The Luger U-08 pistol is a very recognizable pistol and is usually associated with Nazi Germany and WWII. It was patented in 1904, and is an improvement of an earlier automatic pistol, the 1893 Borchardt C-93 pistol.
German born Hugo Borchardt emmigrated to the U.S. when he was 16, and worked in various engineering and machining positions for Pioneer Breechloading Arms, Singer, and Sharps (where he designed the Sharps-Borchardt rifle). In 1893 , when Borchartd was 49, he moved to Hungary to accept a job with a gun manufacturer named Ludwich Lowe, and there he designed the C-93 semi-automatic pistol.
The C-93 was made in some quantity, but was never accepted for sales to any country's military.
Austrian born Georg Luger worked with Ferdinand von Mannlicher in designing rifles and pistols, and went to work for Ludwich Lowe, the same company the made the C-93. Luger demonstrated the C-93 to U.S. Army representatives in 1897, and listened to the C-93 being criticized for weight, comfort of the 90 degree handle, and doubts about the small caliber bullet. Luger took those criticisms and redesigned the C-93 into the 9mm Luger U-08. The Luger was patented in the U.S. in 1904, and is the basic form of the Luger used in WWI and WWII.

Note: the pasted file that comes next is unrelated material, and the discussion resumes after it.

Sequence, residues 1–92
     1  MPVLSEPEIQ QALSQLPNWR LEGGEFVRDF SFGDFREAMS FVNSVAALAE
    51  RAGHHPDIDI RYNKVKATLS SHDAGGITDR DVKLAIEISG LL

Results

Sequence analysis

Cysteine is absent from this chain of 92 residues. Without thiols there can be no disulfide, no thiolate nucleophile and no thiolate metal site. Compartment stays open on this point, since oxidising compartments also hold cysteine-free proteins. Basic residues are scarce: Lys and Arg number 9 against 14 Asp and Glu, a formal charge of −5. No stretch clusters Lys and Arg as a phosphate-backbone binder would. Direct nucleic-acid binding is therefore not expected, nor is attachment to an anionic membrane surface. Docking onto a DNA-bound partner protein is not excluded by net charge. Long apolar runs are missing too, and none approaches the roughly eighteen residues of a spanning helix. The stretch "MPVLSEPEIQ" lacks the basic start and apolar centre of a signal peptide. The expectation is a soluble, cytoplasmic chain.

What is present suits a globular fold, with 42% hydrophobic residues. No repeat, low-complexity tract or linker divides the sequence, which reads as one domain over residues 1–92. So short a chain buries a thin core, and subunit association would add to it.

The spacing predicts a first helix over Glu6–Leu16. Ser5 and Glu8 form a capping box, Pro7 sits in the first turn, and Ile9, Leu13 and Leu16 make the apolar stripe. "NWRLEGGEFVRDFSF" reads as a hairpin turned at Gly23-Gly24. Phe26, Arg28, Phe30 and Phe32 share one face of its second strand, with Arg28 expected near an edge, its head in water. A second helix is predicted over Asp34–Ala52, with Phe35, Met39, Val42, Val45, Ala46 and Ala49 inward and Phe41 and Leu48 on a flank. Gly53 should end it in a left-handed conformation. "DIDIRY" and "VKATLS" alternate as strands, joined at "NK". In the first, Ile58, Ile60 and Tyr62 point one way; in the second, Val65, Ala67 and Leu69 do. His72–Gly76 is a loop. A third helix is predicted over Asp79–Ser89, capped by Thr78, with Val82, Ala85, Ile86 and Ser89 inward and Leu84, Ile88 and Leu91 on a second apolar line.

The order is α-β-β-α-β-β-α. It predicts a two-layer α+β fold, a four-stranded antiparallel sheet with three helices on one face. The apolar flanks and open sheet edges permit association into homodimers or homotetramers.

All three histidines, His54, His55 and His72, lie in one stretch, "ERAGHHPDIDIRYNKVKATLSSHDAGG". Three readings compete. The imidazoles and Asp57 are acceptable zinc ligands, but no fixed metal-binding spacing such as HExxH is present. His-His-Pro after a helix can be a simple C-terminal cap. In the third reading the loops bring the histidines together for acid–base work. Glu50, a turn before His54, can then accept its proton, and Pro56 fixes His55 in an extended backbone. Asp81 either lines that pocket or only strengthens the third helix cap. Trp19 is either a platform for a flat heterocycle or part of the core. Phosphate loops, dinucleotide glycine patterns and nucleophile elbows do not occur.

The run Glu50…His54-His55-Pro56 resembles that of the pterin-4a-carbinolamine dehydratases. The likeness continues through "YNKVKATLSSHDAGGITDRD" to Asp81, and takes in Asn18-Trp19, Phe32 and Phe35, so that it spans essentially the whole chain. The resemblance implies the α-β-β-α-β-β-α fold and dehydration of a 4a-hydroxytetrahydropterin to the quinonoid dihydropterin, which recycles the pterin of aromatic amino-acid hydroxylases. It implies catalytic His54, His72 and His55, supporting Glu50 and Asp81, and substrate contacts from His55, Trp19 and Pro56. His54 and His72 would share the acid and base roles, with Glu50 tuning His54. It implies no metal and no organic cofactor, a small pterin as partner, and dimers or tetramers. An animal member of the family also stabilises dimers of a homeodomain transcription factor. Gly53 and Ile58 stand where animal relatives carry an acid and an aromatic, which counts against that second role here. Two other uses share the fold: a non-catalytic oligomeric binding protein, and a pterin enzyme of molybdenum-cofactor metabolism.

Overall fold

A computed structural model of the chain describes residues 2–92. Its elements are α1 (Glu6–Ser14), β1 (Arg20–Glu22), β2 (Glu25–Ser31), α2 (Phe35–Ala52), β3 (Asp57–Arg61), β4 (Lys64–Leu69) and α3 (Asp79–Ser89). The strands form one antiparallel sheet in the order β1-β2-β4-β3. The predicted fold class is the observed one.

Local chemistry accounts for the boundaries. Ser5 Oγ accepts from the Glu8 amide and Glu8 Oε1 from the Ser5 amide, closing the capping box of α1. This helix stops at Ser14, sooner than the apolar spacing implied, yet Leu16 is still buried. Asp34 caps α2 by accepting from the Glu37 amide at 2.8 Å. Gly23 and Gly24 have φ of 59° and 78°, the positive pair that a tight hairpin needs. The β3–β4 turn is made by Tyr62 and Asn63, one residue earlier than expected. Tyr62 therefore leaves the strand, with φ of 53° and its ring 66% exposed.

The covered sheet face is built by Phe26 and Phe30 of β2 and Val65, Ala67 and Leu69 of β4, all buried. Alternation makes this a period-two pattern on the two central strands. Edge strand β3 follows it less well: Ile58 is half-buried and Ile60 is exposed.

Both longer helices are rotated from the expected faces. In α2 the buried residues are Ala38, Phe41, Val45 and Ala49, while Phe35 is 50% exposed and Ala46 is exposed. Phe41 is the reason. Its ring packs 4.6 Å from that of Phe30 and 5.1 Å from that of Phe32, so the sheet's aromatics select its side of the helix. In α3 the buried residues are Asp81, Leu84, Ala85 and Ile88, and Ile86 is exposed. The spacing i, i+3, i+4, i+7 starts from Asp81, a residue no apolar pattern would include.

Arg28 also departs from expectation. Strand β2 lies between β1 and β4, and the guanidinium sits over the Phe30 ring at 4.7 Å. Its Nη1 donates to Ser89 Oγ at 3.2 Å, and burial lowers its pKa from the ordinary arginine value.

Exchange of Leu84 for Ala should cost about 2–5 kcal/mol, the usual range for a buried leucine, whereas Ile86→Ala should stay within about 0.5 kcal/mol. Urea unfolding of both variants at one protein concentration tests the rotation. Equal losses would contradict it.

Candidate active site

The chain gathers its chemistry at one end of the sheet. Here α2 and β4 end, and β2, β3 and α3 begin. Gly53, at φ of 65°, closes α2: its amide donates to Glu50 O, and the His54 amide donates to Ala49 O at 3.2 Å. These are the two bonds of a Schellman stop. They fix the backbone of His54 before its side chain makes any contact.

The Luger was tested for use by the U.S. Army shortly after 1900, but was beaten in the trials by the incredibly rugged Colt 1911. The tests were particularly gruelling, and highlighted the main difference between the Colt 1911 and the Luger. The Luger was accurate, but complicated, with very close tolerances, and very prone to malfunction when dirty. The tests involved shooting in dirt, mud, acid and misshapen rounds, and firing several series of 6000 rounds non-stop, and in that environment the Colt 1911 was superb by comparison.
However the Luger was approved by the German Army, and saw service in WWI and WWII.